Friday, 24 October 2008

The New Keynesians and Rapidly Changing Economic Conditions: Planning for a High Cost Petroleum Future Will Be Essential

One of the major problems with what is happening in the world is that it is happening so fast. The sudden decrease in the value of the Canadian dollar in relation to the US greenback is a case in point. Last spring, the two dollars were more or less at par, but today the loonie is worth about the same as it did 15 years ago. The advantages of having “cheap” manufactured goods are a long way from being felt. No one is sure how long this will last so no foreign enterprise is going to make long term commitments to buy Canadian products and in so doing kick start manufacturing here.

Another pitfall of the rapid downslide of most economic indicators is the declining attractiveness of green energy projects. As Thomas Friedman noted in The New York Times this week, when gasoline prices rose our consumption fell. With a petroleum and petroleum prices falling, however, the temptation is to think that it will be business as usual in the future and to quit encouraging green initiatives.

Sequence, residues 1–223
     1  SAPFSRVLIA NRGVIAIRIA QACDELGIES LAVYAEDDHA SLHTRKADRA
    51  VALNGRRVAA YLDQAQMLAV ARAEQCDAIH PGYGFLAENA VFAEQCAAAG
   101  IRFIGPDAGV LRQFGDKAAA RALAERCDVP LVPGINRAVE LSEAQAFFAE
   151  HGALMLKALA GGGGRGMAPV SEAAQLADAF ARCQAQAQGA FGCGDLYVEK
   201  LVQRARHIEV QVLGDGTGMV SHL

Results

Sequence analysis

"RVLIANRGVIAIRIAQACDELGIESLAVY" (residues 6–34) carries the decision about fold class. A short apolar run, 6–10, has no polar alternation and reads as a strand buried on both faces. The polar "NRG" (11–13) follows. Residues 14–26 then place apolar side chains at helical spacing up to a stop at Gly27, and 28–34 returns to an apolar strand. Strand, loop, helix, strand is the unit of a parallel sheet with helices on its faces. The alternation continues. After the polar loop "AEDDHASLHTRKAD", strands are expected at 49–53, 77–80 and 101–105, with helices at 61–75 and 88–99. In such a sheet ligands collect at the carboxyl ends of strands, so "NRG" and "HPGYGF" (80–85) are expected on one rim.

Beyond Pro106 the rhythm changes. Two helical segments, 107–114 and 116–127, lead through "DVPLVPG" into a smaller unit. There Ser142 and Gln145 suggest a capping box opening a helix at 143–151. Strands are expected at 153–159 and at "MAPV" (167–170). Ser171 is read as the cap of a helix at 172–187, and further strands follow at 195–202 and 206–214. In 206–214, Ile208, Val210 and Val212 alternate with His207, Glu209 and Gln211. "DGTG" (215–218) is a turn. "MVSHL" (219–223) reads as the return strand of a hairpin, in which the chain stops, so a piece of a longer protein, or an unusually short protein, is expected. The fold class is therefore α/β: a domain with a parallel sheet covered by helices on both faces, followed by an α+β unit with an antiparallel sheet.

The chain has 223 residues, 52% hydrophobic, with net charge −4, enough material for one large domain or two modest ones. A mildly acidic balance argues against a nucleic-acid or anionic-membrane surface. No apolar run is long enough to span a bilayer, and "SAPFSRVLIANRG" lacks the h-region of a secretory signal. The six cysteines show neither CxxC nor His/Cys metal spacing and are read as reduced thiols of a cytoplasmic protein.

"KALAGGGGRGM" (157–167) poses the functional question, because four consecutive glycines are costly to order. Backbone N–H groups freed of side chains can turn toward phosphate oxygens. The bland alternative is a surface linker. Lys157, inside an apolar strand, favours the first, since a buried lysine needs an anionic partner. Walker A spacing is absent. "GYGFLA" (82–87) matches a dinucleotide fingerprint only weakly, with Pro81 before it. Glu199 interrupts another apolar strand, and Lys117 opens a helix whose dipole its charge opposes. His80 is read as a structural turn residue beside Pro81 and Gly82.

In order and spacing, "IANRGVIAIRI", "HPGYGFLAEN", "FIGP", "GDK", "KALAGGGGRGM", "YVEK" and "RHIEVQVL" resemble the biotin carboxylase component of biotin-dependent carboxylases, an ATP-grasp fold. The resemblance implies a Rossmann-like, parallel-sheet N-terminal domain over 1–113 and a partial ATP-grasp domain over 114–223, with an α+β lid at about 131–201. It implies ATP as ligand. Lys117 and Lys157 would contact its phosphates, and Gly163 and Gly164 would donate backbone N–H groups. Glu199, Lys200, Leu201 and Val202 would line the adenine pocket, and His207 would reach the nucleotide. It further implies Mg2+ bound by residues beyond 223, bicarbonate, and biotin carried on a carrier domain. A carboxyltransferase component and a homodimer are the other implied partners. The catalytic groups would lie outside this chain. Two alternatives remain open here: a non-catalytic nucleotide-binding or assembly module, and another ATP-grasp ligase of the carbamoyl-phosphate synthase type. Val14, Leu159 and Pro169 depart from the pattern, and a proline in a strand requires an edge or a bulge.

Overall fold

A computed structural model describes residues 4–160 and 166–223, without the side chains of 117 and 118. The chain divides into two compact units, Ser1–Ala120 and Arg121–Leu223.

That would be a terrible mistake. The future will belong to those who see beyond the current crisis and plan for a high-cost petroleum world. The political jurisdictions who come out of this crisis with the least damage will also be those who think ahead. That is why putting money into infrastructure projects—as Quebec Premier Jean Charest has been proudly saying lately—is a good way to cushion the roller coaster ride we’re on. One can argue about what the best of these projects are, but this kind of Keynesian stimulus is the path that all governments should take.

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